Other memories preserved in the scrapbook included pressed flower corsages and a place card souvenir from a Mexican supper given for cheerleaders and their dates. Mary Alice's date was John Cole, a tall good looking fellow. Being tall and willowy herself, she remarked, "He was the only one who called me shorty…we dated a good long while…"

There were other fond memories of John, but her first date with her future husband (Bobby Adamson) was on May 3, 1947, at the May Dance. She had caught his eye earlier while swimming with a group of friends at the Tank (pond). She explained, "I love to swim…dove into the Tank and stayed."

"Later, Bobby told me he had to jump in too because he wanted to ask me to the dance that night. It was in the days before home hair dryers, so to dry my hair quickly, I put my head in the oven…" she laughed.

Another bit of Jacksonville High School memorabilia is her letter jacket, "Cheerleaders got a real letter jacket. I was head cheerleader my junior year…I took that responsibility seriously…I watched the football game carefully and coordinated the cheer to fit the play on the field…"

I soon discovered Mary Alice "Pid" Bone was a multifaceted individual; her life not all high school hijinks.

Mary Alice's mother, Frances Gaynelle "Nell" Bailey Bone, was born in Georgia in 1895…Nell's mother passed away when she was 9 ½ years of age… It is ironic that years later when Mary Alice was 13, she would lose her mother, "Nell" who passed away at just 48 years of age.

With the approach of World War I, there was a need for nurses. "Nell" worked as a nurses' aid at old University Hospital in Augusta, Georgia, to pay her way through nursing school.

After additional schooling which included college in South Carolina and Kansas, "Nell" came to Jacksonville to work. She joined a former mentor, Miss Baumberger, who had been hired as Superintendent of the Cherokee Sanitarium, which was organized in 1919, by Drs. John N. Bone, F.A. Fuller and J. T. Travis.

Dr. John Bone, a widower with children, married "Nell" September 29, 1921, at the first Presbyterian Church in Jacksonville.

As I met with Mary Alice over a period of weeks, a question came to mind--what made this Jacksonville High School cheerleader such a successful and accomplished adult.

Certainty one's family makes a difference. The Bone family history is connected to Old Douglas near Nacogdoches, to Larissa, Mt. Selman and Jacksonville. Mary Alice's grandfather had an office in Larissa then moved his medical practice to Mt. Selman.

She told me, "…My father had an office in the old saloon there. When he moved to Jacksonville, his office was upstairs in a building located approximately at 114 E. Commerce Street. In the summer, I occasionally worked a week or two. I was my father's office girl. He paid me 10 cents a day..."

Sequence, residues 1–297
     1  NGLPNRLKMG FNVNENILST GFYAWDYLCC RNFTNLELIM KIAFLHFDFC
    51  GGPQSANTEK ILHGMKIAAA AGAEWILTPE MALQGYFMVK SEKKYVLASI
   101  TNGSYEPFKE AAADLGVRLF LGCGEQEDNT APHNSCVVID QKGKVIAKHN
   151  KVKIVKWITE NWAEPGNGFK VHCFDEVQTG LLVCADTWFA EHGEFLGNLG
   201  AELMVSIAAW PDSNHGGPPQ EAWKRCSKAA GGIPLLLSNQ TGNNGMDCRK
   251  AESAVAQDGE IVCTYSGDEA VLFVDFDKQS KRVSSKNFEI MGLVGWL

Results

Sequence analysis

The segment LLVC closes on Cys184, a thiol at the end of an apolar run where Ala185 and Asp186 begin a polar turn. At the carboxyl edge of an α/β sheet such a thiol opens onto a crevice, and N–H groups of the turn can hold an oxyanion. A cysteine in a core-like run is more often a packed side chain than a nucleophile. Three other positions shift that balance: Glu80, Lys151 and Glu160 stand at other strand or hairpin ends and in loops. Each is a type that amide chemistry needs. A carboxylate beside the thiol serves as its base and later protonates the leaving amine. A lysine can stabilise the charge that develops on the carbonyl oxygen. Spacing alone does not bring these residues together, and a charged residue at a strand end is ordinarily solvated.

"I thought about being a doctor ever since my mother gave me the following advice. I remember, she was in her room at our house on Bolton Street…she was very ill, unable to be up and around… I told her I wanted to be a nurse…Mother responded, 'Oh, no, don't be a nurse; you will learn just enough to want to do more…If I had it to do over again I'd be a doctor…'" (See accompanying photo of Mary Alice with her mother "Nell")

Mary Alice continued, "I take great pride in the fact that there's been a Dr. Bone practicing in Cherokee County for 150 years…I'm part of that tradition. I began working as a physician in this county in 1963. Currently, I'm volunteering at the Mission House Clinic in Bullard."

Jacksonville schools also played a part in the making of this successful woman.

Mary Alice elaborated, "In the 1930s, I attended the 'new' East Side School as it was called then…located on the corner of Ft. Worth and Beaumont Streets. I enjoyed my time at Jacksonville High School too. (I) Received a good foundation in foreign languages-took classes in Latin and Spanish. Later at Trinity University, my German teacher recognized that I came with the necessary background for college."

Over the years, Mary Alice has received many awards and accolades. I'll mention just one.

The Times Herald posted the following on June 7, 1955. "Girl Gets Award, George L. MacGregor; Vice Pres. of Southwestern Medical Foundation presents the Ho Din Award to Dr. Mary Alice Bone of Jacksonville, who received her medical degree Monday night. Dr. Bone is the first woman to win the award presented by the foundation to a graduate of University of Texas Southwestern Medical School for the 'spirit of medical wisdom and human understanding.' "

She also won $1,000 in cash! Present at the ceremony was her proud father, Dr. John M. Bone. Dr. Mary Alice Bone is the second of her family to receive their medical degree from Southwestern. Her brother, Dr. Robert Donnell Bone, received his M.D. degree in 1946.

During one of our last interviews, I asked if she had a final comment. She thought for a moment then added with a smile, "I still keep up with the team…listen to all the football games on the radio…"

After all these years, "Pid" is still a devoted Jacksonville Indian!

Mary Alice and her high school scrapbook.

Mary Alice 'Pid' Bone on left.

A Team.

Mary Alice and her mother, Nell.